He learned to shoot from a high marksman. Oil like tears of joy and rags handled as delicately as a dove's wing. Banana clips and beer cans and the ring of shots, small snaps of thunder across the ridge, the only conversation. The hand that took his, fingers curved one over the other, an easy squeeze on the trigger, was his hand, was his future, shaky already at midday.

Tuesday, October 26, 2010

Wikiphotomicro: Day 12 - Bad Blood

Evan stretched across the porch swing while Cal slipped limp as a dish rag in a rain and wind slapped rocking chair. The house had been the brother's for hardly a week. Long enough to stack some canned green beans in one kitchen shelf and a two-liter bottle of Coke in the refrigerator.

On the walls were the same pictures that had always been there. Crushed beer cans dotted the living room floor, tabs twisted off and flipped into darker corners. Neither had been upstairs. When the rooms became too small, drained of air, they moved to the porch.

Today a storm was coming. Sunlight pushed behind smudged clouds and a northern wind was constant through the hollow, climbing ridges and then dipping again into the valley between Elie's trailer to the south and Mitchell's house nearer to their own. The crackle of fall leaves from that wind already sounded like rain too thin yet to see.

After a time, Cal pulled himself out of the rocking chair, cornered through the open front door, and came back with the war picture of their grandfather. He placed it on the warped floorboards of the porch. It tilted momentarily, then came to rest. He looked to Evan who stared at the picture floored between them like a drunk in a bar fight.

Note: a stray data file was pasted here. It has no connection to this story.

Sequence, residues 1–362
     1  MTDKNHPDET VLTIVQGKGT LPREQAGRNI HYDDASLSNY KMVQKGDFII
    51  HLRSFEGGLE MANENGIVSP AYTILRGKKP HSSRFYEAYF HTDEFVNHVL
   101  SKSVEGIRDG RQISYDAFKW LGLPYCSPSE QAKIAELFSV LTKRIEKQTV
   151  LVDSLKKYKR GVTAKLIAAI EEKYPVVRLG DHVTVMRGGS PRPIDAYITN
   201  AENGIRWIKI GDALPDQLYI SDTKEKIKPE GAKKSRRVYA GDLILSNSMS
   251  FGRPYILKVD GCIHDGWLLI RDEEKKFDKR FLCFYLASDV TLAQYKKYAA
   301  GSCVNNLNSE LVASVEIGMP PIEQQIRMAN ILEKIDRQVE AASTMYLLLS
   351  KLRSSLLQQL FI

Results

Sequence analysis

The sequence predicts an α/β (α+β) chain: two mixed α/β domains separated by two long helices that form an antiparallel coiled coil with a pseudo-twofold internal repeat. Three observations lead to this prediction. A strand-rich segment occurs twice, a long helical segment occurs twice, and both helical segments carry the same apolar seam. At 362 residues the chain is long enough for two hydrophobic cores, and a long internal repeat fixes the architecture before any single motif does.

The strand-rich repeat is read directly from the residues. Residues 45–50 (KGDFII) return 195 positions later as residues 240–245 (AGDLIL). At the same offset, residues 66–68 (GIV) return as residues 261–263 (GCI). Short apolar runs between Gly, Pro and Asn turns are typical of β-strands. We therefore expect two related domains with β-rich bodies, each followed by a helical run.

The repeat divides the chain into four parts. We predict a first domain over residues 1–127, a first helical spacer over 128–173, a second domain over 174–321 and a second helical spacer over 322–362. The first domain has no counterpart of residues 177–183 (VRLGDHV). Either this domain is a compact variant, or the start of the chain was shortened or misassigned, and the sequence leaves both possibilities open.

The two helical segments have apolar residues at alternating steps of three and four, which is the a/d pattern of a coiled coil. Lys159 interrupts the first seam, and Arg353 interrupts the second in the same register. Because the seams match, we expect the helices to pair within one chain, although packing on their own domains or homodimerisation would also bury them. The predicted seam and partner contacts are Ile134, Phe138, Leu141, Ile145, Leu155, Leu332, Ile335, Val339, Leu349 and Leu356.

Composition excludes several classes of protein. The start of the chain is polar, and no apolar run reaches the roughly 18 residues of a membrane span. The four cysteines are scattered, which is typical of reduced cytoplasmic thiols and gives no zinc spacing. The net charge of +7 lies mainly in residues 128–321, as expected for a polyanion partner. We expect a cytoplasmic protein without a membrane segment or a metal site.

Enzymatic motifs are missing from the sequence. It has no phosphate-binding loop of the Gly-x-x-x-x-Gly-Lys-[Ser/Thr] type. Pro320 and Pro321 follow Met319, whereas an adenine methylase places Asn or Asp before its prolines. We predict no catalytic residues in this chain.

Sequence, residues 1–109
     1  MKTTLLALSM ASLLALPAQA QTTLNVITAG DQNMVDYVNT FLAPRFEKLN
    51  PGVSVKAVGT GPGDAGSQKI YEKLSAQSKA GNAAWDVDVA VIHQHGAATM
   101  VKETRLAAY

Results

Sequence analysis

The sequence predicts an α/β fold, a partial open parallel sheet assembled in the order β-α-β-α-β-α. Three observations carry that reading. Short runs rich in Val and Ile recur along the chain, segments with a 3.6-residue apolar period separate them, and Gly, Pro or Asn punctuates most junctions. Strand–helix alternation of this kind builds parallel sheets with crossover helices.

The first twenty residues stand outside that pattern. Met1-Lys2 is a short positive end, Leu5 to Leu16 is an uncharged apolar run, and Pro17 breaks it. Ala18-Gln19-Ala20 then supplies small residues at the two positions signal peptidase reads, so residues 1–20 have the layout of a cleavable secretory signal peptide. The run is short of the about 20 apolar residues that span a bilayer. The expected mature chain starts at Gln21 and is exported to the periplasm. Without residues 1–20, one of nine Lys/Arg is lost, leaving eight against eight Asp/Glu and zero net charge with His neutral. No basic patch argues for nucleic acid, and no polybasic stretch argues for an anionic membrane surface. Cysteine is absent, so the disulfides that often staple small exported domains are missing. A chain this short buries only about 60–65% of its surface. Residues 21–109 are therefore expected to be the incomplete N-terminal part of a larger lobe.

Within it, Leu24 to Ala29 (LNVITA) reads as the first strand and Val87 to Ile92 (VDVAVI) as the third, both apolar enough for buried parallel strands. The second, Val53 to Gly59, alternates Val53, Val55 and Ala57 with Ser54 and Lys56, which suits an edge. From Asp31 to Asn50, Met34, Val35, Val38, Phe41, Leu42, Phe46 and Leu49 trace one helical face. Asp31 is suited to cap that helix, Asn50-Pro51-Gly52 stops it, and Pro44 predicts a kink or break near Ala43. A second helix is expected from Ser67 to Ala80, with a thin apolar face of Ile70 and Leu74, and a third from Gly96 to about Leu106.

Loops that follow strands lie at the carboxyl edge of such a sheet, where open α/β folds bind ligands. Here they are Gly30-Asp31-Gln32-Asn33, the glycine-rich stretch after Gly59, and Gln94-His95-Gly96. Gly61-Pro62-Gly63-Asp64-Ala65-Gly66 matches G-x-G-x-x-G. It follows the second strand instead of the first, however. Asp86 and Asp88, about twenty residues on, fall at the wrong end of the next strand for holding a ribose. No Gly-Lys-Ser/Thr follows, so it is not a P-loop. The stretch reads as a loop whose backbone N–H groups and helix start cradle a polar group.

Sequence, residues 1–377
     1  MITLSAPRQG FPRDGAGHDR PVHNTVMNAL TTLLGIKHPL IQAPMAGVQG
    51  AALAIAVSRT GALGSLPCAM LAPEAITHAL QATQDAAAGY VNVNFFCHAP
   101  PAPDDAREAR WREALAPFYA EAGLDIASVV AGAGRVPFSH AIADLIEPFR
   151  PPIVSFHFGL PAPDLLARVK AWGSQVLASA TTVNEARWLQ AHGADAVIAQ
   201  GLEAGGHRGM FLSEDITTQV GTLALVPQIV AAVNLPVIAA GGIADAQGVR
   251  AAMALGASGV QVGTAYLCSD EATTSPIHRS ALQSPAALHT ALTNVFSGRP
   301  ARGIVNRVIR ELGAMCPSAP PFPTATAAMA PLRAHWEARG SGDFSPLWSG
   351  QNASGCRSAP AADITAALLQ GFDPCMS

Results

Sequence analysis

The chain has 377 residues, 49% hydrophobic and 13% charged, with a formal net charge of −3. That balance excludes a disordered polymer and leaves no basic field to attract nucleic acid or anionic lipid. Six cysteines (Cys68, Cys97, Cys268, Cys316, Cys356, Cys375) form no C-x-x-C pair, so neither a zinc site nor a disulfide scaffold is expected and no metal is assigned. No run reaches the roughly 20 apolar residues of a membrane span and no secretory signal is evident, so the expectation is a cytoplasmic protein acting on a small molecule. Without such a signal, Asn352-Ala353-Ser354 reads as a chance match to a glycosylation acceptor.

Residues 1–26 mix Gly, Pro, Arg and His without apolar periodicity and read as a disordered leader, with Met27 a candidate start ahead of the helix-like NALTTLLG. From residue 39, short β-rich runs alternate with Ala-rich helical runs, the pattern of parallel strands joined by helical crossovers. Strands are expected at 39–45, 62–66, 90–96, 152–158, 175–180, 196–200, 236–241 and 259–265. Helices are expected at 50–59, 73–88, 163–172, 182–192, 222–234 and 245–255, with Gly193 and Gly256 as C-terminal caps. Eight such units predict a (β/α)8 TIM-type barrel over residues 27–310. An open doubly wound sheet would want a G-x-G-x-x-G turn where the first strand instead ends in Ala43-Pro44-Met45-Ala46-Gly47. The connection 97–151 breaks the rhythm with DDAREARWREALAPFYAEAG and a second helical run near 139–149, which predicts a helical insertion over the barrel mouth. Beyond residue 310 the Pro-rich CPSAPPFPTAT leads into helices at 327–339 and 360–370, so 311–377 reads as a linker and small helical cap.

Just before the best of the storm came, the two brothers stood and placed a boot each across their grandfather's face, clapped a hand across the other's back, and started stomping.

Monday, October 25, 2010

Wikiphotomicro: Day 11 - Take This

Take this – the cheese grader and the blueberry candle and the cheap painting from the dollar tree and the laptop. Take the shower curtain and the bathmat shaped like a surf board and the knives and the guns. Take my albums, like the stupid fucking one with the lion on the front. Take that and frisbee it across the house. Take the house, the car, the sun-raped yard and every last goddamn toy, the swing set, the plastic picnic table. Leave me the pictures to turn backwards on the walls. Leave me one shirt, a pair of pants, socks and the boots. I'll wear his boxers like razors across my ass.